Latest posts by BlackBirdEvolution (see all)
- Is “Breast is Best” a Harmful Message for New Parents? - July 4, 2017
- Is Mandated Reporting Helping the People it was Designed to Protect? - May 13, 2017
- Should We Tolerate Being Underpaid and Underappreciated? - March 22, 2017
It seems that as each new day dawns, a new hashtag arrives glaring on social media to remind us that another life – a black life – has been unceremoniously taken too soon. I find it hard to hope that things will get better. How lucky I am to have the ability to step away from the coverage and go on with my daily life, with nothing in my immediate family or circumstances having to change because of my pale skin. That is what privilege is – the ability to step away as desired, to turn a blind eye, because my life is not being targeted. My skin color is protecting me from having to live day in and day out with racist microaggressions – and outright aggressions – directed toward me.
Perhaps now is the time, in the midst of my sadness, hopelessness, and anger, to recall a recent conference I participated in and the wise words of Loretta Ross in her “Appropriate Whiteness for Feminist Activists” workshop. The CLPP (Civil Liberties and Public Policy) Conference called “From Abortion Rights to Social Justice: Building the Movement for Reproductive Freedom” is held every April at Hampshire College in Western Massachusetts. It’s an incredible weekend full of activists, it strives to be inclusive for all, and it offers sliding scale with no one being turned away for inability to pay. It’s truly an incredible weekend that I look forward to all year, and I highly suggest you check it out.
So, for those who don’t know about her, Loretta Ross is an absolute rock star. She’s engaging, down to earth (I love people who drop f bombs in the middle of their presentations), and brilliant. The most that I can do to honor what I heard is refer to my notes and attempt to come up with some semblance of structure to pass on her wisdom to all of you.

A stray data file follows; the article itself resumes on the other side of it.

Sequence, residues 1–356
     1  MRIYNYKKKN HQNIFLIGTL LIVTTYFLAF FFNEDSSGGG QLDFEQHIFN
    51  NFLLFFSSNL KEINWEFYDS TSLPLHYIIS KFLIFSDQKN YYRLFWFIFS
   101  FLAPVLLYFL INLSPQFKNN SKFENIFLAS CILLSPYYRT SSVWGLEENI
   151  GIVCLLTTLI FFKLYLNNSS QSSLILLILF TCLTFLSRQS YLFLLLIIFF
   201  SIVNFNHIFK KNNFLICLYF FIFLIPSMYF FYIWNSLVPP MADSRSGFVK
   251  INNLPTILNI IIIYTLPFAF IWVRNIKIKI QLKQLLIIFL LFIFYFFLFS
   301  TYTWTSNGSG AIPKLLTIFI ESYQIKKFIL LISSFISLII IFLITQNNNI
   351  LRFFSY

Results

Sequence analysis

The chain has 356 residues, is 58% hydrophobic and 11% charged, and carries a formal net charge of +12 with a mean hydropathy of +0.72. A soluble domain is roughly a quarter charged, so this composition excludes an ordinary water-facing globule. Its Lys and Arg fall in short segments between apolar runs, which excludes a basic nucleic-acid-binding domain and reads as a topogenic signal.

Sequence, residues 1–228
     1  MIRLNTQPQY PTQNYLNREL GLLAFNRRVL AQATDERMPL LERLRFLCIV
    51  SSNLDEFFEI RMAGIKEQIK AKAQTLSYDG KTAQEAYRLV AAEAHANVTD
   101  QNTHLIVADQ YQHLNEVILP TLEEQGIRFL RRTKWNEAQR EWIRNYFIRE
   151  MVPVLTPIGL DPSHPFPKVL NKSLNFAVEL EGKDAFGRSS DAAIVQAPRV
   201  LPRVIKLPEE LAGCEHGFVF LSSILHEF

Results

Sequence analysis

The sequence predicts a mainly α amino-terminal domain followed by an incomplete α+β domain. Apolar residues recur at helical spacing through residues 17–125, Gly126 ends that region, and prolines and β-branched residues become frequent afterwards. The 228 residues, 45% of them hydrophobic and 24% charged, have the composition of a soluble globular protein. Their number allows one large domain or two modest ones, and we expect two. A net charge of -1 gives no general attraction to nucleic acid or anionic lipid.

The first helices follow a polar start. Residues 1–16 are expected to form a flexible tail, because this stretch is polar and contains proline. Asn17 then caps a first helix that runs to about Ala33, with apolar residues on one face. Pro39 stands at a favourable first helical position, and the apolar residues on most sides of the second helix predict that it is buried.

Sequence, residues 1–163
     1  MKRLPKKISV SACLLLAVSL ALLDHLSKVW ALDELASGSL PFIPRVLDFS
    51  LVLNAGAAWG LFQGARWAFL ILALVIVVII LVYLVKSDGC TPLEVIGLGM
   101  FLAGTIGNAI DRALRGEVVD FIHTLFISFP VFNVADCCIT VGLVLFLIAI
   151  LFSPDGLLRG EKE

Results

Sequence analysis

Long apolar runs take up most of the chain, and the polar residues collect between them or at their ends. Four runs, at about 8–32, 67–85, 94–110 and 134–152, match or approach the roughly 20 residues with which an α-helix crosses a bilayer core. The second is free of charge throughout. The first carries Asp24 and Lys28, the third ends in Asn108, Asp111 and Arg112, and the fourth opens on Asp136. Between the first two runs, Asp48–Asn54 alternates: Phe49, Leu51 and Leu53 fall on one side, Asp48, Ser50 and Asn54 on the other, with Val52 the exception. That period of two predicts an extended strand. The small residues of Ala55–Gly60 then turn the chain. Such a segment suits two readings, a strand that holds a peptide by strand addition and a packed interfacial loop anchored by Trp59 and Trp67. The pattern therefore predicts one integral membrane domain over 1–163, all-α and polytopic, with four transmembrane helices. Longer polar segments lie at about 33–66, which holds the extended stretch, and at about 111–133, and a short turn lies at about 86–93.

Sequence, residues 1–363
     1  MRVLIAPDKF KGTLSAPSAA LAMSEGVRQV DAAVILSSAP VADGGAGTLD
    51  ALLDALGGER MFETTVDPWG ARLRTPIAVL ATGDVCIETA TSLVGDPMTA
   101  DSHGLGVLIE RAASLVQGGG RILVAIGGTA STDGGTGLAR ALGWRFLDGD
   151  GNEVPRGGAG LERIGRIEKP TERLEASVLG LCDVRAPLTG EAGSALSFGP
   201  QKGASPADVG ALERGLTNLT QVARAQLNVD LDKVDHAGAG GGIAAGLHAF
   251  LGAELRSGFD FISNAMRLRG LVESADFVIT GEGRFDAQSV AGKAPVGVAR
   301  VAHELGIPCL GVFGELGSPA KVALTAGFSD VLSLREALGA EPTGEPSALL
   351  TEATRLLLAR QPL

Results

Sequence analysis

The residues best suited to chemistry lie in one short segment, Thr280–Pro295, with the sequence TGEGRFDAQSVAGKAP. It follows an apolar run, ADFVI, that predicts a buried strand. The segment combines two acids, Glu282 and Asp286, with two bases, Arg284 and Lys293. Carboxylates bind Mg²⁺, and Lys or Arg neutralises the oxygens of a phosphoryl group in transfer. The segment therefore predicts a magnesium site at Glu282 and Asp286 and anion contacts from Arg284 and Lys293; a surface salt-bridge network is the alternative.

Loretta Ross reminded those in the room that it is a privilege to be aware enough of racism and structural oppression to even come to the workshop. She stated that sometimes, those who have consciousness about these issues use that consciousness as a weapon against those who don’t. Loretta made the argument that we need to call people in – into the conversation, into the activism – rather than call people out.
Let’s pause here for a moment. Even reviewing the notes that I took a few weeks back, I’m reminded that Loretta Ross, who worked for anti-Klan causes, was the executive director of the first rape crisis center in the country, and has been targeted by any number of people on any number of occasions both for her work and her skin color, is calling people in. She is taking the time to try to have conversations with those who are steadfast in their hatred; to meet in the middle those who have differing views on the world. If she can strive – and as she admits, sometimes fails – to do this, I surely can.
She reminded us that prejudice is not the same as white supremacy or racism. Prejudice needs power in order to create racism. White supremacy is not, in fact, based on ignorance as some of us (this writer included) occasionally like to spout. It is based on very manipulated white anger.
All of this is to help ground me and revitalize my determination to make a move against white supremacy. It’s not always the right move, but it’s something. This is about taking action to honor those who have been murdered and challenge the systems at play. It’s about not accepting the world as it spins while black and brown people are being gunned down in the streets. And make no mistake – this is not about white people coming to save the day. As Loretta said, “We don’t need missionaries. We need co-conspirators.”